Suicide prevention: from silence to action
Bristol East MP Kerry McCarthy writes for the Voice
I'VE recently been to the Glenside Hospital Museum in Blackberry Hill, to discuss how we can secure its future and expand its work. If you haven’t been, it’s well worth a visit, with fascinating displays on the history of mental health treatment in Bristol, which was something of a pioneer in this field.
We’ve come a long way since the Bristol Lunatic Asylum was established in 1861, but sadly mental health treatment still leaves a lot to be desired, with far too many people not being able to get the help they need when they need it.
At worst, and tragically, this can lead to people feeling there is no way out, other than to take their own lives. The latest Coroner’s statistics show that a record 4,820 people died by suicide last year. The Government has failed to meet its target, set in 2012, of reducing suicides by 10%.
In May I hosted an event, Suicide: Breaking the Silence, which brought together politicians, CALM (the Campaign Against Living Miserably) and Bernard Sumner and Stephen Morris of Joy Division/New Order, on the 42nd anniversary of the suicide of their bandmate, Ian Curtis. I hope the amazing attention this event received, from Channel 4 News to the NME, will provide a spur to action.
With the pandemic and now the cost-of-living crisis taking its toll on people’s mental health, I raised this with Boris Johnson at Prime Minister’s Questions, asking him to support Labour’s pledge to provide mental health treatment within a month for anyone who needs it.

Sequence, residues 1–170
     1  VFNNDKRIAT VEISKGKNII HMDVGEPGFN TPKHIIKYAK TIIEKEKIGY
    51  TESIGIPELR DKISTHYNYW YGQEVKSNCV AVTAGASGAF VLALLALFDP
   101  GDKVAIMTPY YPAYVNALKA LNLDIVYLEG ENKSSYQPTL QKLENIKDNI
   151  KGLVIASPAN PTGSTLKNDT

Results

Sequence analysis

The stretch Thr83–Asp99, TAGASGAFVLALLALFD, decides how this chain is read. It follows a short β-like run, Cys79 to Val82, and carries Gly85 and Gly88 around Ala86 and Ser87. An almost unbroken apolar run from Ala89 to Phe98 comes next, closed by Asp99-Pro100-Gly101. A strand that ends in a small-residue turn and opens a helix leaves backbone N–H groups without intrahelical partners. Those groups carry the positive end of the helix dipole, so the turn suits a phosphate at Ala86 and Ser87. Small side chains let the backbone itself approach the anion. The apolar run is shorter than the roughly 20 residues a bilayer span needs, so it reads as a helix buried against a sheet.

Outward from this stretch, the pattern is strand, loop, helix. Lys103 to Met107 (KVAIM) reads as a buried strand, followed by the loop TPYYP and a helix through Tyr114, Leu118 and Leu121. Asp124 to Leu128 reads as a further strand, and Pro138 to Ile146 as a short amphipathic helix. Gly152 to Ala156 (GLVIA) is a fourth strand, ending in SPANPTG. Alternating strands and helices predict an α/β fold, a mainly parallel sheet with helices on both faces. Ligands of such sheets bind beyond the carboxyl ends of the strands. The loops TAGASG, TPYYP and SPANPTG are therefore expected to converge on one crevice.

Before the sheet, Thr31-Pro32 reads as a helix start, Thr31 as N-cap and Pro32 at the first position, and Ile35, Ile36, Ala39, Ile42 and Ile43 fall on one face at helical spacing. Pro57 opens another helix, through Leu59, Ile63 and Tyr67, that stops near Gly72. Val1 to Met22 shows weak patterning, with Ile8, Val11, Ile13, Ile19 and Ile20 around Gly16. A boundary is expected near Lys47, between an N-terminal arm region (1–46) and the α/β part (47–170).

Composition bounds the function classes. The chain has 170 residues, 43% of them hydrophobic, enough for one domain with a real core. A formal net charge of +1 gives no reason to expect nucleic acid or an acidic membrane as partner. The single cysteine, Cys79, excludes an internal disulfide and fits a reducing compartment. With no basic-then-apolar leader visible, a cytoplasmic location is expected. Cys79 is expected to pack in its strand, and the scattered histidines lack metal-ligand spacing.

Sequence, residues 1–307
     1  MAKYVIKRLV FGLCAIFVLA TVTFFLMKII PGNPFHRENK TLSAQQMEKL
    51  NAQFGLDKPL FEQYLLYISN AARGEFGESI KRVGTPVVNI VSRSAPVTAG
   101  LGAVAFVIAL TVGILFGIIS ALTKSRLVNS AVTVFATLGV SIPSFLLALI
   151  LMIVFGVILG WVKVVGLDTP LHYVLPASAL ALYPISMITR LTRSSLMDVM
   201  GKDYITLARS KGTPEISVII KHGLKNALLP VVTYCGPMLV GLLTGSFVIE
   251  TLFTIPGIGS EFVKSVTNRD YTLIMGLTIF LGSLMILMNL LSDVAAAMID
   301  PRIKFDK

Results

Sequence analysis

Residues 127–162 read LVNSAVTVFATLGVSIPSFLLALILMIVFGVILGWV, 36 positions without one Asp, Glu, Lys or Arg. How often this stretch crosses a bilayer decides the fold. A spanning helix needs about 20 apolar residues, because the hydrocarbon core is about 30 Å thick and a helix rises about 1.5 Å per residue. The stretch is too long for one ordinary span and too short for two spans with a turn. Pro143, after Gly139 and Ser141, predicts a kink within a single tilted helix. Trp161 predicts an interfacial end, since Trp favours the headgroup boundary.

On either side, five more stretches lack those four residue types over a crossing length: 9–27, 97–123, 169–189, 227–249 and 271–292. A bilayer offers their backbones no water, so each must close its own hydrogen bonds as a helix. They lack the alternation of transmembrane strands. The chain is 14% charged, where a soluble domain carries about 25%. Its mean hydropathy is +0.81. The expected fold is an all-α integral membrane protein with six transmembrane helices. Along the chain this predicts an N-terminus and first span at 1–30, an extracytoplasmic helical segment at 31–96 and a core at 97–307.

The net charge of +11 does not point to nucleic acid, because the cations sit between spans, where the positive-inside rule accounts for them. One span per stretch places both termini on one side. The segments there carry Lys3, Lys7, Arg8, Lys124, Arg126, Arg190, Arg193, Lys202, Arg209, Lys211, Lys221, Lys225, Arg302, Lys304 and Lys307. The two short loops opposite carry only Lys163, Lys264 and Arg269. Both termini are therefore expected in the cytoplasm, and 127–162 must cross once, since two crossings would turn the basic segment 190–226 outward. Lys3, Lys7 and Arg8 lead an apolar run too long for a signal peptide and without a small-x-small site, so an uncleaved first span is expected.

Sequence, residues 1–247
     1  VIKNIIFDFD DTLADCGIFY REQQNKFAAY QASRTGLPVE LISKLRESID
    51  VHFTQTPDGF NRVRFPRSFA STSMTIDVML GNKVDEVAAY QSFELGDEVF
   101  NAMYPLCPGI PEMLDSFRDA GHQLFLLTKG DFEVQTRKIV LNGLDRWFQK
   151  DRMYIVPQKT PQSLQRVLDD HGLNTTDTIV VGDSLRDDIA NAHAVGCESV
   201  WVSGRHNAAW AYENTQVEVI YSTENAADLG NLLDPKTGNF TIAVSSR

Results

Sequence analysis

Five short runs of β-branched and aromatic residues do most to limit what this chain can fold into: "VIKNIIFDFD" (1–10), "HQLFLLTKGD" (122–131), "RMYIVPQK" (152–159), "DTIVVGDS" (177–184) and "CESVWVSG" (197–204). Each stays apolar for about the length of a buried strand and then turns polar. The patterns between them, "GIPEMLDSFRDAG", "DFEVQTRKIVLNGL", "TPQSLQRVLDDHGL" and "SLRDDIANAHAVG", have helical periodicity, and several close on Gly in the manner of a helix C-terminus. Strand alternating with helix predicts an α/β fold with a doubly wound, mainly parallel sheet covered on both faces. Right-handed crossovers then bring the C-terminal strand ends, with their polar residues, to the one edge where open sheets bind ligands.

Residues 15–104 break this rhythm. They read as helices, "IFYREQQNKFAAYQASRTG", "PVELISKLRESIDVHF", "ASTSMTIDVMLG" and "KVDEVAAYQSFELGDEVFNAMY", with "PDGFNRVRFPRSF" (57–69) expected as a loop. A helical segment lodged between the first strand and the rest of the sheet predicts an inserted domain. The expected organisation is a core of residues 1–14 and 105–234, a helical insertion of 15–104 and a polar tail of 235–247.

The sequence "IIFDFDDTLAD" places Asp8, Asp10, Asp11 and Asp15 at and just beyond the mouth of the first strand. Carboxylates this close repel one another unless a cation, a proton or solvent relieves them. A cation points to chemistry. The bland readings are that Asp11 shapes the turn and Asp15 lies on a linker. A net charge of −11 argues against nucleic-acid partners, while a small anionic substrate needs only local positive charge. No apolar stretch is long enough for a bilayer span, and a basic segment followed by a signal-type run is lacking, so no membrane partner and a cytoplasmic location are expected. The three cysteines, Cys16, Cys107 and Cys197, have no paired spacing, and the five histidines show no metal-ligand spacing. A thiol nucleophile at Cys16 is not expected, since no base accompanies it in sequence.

I also secured a debate in Parliament, in which I argued for a focus on preventing suicide among high-risk groups (like middle-aged men), groups where suicide rates are low but rising (like children and young people) and groups attracting public concern (like students which is, sadly, still an issue for us in Bristol).
Funding helplines, restricting access to the means people use to attempt suicide and cracking down on websites that encourage suicide and self-harm will all help save lives. We also need to think about long-term approaches to addressing risk factors, including addictions, adverse childhood experiences, poverty and trauma.
I know that suicide is complex. No two deaths are the same, and we won’t be able to prevent each crisis overnight. But I do feel the less we shy away from talking about suicide, the quicker we can act and the more lives we can save.
The Government is currently consulting on a suicide prevention strategy and a 10 Year Mental Health Plan; this closes on July 5, and you can find it online at www.gov.uk.
If you’re struggling with suicidal thoughts please contact Samaritans on 116 123 or visit CALM’s website at thecalmzone.net.